But actually, no. Mike's lack of formal law education is a huge disadvantage: he has all the laws and statutes and trove of theoretical knowledge memorized better than even senior judges, but he doesn't actually know how to use any of it effectively. At least over the course of the first season, he repeatedly either makes mistakes or gets taken advantage of in ways that his non-genius colleagues never would, simply because he doesn't know any better. To really drive the point home, the show pairs him up in a will-they-won't-they relationship with a paralegal (played by Meghan Merkel, who according to the tabloids is due to become God-Queen of Brittania any day now) who has years of experience and is probably all-around better lawyer material, but who can't manage to pass the entrance exams to law school and actually become one. 

Rather than being about a genius doing genius things (Mike's genius superpowers are actually fairly believable by TV standards, and they don't really come up all that often), the show is much more about an experienced lawyer taking a younger newbie under his wing, and that's where we get to Harvey Spector. 

While Suits doesn't fawn over Mike's intelligence, it absolutely fawns over Harvey's awesome rich-guy masculinity. He dates hot women! And he lives in a big fancy apartment that looks like a glass cube! And he drives cool cars! In the first season alone, there are multiple scenes where Harvey engages in impromptu trivia contests with other men over classic cars, rock music and sports. They're about five nanoseconds away from whipping their dicks out to compare sizes.

Harvey's character arc revolves around the fact that his bosses at the firm are reluctant to promote him to the upper echelons of lawyer-dom because he lacks compassion and only cares about his work (at least, theoretically; it seems like the actual reason he isn't promoted is because he keeps doing shady things like hiring Mike behind his managing partner's back and refuses to co-operate with people). This leads to endless, repetitive scenes where Harvey does something that clearly shows he actually cares about his clients after all, then insists he was only doing it for the good of the firm. And then he gets in a cool car, delivers a pithy quip, and drives away while 90s-era cheese-rock plays.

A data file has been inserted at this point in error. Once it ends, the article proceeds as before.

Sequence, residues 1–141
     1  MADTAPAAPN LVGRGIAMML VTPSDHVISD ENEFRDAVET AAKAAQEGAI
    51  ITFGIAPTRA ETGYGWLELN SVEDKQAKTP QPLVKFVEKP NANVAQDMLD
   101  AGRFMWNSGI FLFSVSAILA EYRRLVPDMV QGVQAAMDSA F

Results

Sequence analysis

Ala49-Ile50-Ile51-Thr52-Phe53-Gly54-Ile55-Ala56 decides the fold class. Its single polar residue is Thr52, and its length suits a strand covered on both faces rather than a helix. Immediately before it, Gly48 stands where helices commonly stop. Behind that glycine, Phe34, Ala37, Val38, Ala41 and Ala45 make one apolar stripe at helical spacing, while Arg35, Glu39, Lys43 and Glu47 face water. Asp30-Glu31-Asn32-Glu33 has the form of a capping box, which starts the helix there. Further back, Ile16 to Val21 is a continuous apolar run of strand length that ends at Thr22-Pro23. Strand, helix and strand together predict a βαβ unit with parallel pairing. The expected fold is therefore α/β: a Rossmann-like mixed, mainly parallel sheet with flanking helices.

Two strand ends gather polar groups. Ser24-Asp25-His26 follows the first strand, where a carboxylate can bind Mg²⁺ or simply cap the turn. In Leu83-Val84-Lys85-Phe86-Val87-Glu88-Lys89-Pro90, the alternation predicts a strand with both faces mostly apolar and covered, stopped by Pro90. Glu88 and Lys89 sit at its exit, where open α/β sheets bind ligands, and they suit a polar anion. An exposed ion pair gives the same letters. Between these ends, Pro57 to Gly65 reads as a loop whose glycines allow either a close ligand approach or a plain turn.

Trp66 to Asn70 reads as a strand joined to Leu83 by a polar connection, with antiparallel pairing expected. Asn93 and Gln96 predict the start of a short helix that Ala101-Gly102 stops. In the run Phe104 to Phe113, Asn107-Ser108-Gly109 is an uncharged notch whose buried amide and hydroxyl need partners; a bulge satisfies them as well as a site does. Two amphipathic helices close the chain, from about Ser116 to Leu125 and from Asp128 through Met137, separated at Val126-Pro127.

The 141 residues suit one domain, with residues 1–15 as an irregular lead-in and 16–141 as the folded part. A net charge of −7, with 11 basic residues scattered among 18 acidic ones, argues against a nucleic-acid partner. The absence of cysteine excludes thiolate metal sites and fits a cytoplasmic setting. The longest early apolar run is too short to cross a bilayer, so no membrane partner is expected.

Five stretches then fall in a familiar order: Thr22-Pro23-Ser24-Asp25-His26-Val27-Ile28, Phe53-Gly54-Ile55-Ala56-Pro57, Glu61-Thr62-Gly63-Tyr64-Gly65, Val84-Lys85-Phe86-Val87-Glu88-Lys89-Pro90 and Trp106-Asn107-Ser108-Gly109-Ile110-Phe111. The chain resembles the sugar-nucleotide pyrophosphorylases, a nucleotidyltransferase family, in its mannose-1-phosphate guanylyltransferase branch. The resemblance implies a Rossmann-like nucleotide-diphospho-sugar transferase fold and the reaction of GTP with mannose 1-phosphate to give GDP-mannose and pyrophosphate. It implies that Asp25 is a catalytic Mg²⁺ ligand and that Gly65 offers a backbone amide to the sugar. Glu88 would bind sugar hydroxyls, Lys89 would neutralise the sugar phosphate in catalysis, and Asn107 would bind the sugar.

Oh yeah, the quips. The show's writers apparently attended the Joss Whedon School of Dialogue, with the result that a good third of every episode consists of characters making Sick Burns or literally stopping in their tracks to trade acidic barbs. Sometimes they do movie quotes. This show really likes movie quotes.

I'm not sure if I'm actually going to watch all six seasons of Suits. Watching it is kind of like eating fast food--it seems like a good idea up until you actually do it, and then you really need to let some time pass so you can trick yourself into doing it again. But if you're in the mood for a breezy, un-challenging dramedy that isn't completely stupid, there's worse things you could put on. 

Next up is another Kvothe post, y'all! Please be patient with me while I slowly adjust to my new medication.  

 

Game of Thrones season 7 (contd)

It's time for some Very Important opinions on Game of Thrones' just-concluded seventh season, with full spoilers.

In my last GoT post, I talked about how the show was gradually moving away from being the dark, gritty deconstruction of epic fantasy is started as and toward just being plain epic fantasy. With this most recent episode, that transformation is fully complete.

All of the surviving characters have developed inch-think plot armour, half of them have supernatural powers or near-superhuman combat abilities, there's magic destinies and secret birthrights left and right, and the bad guy is flying around on a zombie dragon that shoots nuclear Godzilla laser-breath. If you mildly toned down the amount of boobs and swearing, you could easily pass this off as an adaptation of a YA novel.